In 1883 to improve liquidity and make better use of the Company's travelling sales staff, Fritz Henkel decided to sell merchandise in addition to his detergents. Sales started in 1884. The range included the colorant ultramarine [laundry bluing agent], gloss starch, a liquid cleaning agent, a pomade for cleaning, beef extract, and a hair pomade. Very soon Henkel developed its international presence--in 1886, Henkel opened its first international sales office in Austria. Carl Pathe had gone to Vienna as a representative the year before. In 1893 Henkel established its first business links with England and Italy.
Henkel has been a family-run business since the beginning. In 1893, Fritz Henkel, Jr. (1875–1930) joined the firm as an apprentice. After receiving commercial training he became his father's right-hand man in commercial matters. He put Henkel's brand-name product business on a sound footing, developed its already successful advertising still further and was responsible for the Company's field service. On July 25, 1904, he became a partner in Henkel, which was transformed into a general commercial partnership. By this time, 110 people were employed at the Holthausen site. On April 25, 1905 Dr. Hugo Henkel (1881–1952), the youngest son of Fritz Henkel, Sr., joined the Company as a chemist. He was in charge of Chemical Products and Technology. Over the years, he laid the foundations of systematic research and introduced advanced technologies and new raw materials. In 1908, he became a personally liable partner in the Company.
In 1912 total production in Düsseldorf-Holthausen rose to 49,890 tons. At 19,750 tons, Persil laundry detergent accounted for 40 percent of this, just five years after its market launch. The number of employees increased by 89 relative to the previous year, resulting in a total workforce of 1,024. Around half were female. A first-aid center was set up in the plant and a full-time nurse was employed. In the previous year Henkel had installed ball fields and play areas to encourage exercise during break times. Female employees could attend the plant's own housekeeping school during the lunch break.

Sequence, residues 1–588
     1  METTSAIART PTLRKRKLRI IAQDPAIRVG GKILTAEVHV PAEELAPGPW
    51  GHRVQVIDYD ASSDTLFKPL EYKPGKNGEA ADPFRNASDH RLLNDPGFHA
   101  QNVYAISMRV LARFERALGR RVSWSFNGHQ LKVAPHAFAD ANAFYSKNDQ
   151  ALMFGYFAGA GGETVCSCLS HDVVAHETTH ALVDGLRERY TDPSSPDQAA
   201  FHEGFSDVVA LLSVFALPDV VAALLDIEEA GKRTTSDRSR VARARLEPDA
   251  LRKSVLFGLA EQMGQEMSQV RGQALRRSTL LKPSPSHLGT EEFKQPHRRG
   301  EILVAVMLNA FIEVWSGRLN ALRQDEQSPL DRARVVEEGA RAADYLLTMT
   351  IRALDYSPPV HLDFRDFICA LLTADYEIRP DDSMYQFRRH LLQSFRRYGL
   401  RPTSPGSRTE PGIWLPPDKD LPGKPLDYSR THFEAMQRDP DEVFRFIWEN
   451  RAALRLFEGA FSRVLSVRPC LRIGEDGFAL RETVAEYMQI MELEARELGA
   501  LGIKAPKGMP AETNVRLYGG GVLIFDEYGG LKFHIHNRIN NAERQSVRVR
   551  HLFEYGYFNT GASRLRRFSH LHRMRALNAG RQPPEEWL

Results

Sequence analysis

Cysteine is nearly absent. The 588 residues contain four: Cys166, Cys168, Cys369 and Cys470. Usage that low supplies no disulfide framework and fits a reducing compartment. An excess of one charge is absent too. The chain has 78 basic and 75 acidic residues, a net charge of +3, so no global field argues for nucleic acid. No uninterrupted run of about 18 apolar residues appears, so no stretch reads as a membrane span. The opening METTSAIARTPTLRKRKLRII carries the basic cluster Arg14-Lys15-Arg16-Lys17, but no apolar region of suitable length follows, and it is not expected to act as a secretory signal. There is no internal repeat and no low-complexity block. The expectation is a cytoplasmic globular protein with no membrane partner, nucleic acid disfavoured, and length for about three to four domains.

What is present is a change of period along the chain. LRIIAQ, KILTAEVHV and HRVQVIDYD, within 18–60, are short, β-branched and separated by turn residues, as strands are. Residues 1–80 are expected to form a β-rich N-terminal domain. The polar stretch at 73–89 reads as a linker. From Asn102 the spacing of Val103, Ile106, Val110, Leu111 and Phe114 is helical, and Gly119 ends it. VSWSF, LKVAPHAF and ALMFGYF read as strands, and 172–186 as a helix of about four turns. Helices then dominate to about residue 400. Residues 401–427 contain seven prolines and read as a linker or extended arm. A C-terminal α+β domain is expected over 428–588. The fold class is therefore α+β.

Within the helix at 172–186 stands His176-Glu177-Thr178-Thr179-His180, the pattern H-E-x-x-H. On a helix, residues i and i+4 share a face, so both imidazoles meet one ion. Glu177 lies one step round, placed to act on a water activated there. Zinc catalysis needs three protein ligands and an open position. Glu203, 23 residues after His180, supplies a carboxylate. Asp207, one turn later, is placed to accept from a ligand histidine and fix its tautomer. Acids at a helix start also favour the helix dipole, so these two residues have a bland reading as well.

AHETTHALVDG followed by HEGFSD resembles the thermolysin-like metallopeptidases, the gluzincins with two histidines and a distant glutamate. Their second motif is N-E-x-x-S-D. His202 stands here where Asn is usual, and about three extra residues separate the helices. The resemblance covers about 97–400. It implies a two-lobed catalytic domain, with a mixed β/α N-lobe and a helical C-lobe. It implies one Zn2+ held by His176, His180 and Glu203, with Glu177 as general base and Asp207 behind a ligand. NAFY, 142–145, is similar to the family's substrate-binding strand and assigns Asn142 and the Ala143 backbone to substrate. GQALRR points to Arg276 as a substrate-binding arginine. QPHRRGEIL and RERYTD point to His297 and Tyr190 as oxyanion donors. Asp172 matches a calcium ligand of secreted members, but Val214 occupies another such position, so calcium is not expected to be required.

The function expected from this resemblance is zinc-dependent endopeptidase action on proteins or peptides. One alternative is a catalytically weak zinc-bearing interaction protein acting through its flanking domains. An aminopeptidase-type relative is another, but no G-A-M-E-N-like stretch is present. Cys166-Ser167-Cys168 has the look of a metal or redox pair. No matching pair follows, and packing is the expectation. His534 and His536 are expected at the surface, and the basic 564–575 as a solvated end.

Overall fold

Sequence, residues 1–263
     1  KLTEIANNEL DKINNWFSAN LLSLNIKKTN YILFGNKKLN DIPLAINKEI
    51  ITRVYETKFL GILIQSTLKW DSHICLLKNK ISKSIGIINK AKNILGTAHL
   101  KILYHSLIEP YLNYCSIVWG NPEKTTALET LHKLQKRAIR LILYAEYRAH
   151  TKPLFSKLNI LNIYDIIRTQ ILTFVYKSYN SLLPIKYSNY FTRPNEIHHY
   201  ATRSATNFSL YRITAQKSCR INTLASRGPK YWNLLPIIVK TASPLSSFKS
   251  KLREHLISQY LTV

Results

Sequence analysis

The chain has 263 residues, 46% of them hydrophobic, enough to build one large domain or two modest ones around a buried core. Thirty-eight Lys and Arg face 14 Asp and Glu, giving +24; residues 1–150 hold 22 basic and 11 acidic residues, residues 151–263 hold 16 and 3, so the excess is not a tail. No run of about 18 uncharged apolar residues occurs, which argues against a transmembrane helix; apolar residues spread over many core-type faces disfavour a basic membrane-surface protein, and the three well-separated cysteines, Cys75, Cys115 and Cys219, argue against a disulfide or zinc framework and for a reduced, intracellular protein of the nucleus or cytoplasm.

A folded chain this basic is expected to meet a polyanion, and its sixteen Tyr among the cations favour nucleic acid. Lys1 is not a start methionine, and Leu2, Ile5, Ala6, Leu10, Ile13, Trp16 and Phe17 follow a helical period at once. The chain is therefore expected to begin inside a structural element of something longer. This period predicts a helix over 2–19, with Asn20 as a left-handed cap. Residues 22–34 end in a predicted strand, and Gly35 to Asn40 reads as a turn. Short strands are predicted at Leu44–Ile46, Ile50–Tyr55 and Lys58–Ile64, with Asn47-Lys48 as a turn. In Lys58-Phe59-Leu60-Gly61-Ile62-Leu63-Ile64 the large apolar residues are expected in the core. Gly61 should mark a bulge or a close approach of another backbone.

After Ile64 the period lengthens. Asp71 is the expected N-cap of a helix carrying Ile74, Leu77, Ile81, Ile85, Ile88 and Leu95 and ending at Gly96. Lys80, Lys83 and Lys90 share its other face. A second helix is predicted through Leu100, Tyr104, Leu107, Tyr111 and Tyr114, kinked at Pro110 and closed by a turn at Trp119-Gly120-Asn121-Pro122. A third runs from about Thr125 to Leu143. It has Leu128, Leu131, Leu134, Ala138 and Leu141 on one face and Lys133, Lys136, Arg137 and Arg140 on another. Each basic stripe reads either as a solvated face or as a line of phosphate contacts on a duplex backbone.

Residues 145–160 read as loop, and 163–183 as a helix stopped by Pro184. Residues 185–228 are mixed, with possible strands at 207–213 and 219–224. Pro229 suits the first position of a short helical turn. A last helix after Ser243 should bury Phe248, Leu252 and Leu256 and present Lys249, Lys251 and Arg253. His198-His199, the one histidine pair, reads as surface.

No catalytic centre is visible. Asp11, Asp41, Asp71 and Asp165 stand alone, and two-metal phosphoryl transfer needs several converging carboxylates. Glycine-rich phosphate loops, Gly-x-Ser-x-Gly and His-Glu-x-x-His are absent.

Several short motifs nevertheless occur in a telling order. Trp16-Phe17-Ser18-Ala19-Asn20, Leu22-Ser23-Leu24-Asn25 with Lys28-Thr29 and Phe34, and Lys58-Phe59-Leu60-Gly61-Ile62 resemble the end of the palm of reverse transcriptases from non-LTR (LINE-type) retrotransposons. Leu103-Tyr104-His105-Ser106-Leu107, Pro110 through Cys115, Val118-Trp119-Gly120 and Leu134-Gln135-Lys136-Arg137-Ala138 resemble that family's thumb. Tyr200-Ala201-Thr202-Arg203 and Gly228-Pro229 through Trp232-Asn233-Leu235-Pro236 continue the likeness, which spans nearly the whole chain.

On January 11, 1923, troops from France and Belgium occupied the Rhineland. The occupation made delivery of adhesives from suppliers used for the packaging of Persil unreliable. The disruption caused Henkel to internally manufacture adhesives for its own needs. Henkel found there was a demand for adhesives on the market, and on June 22, 1923, the first adhesive shipment left the plant.
During World War II, foreign civilians and prisoners of war were working for the company. Henkel was part of a large-scale restitution settlement.
On April 16, 1945 American troops occupied Henkel's Düsseldorf site. On June 5, the British military command in Düsseldorf took over from the Americans. From July 20, the British military government gradually granted permission for the production of adhesives, P3 and water-glass by Henkel, and for soaps and detergents as well as shoe polish by Thompson. In February, 1946, Matthes & Weber in Duisburg was given permission to process available raw materials into soda. On September 20, 1945, five members of the Henkel family and another seven members of the Management Board and the Supervisory Board were interned.
In 1949 the launch of Schauma shampoo by Schwarzkopf marked the start of the most successful German shampoos.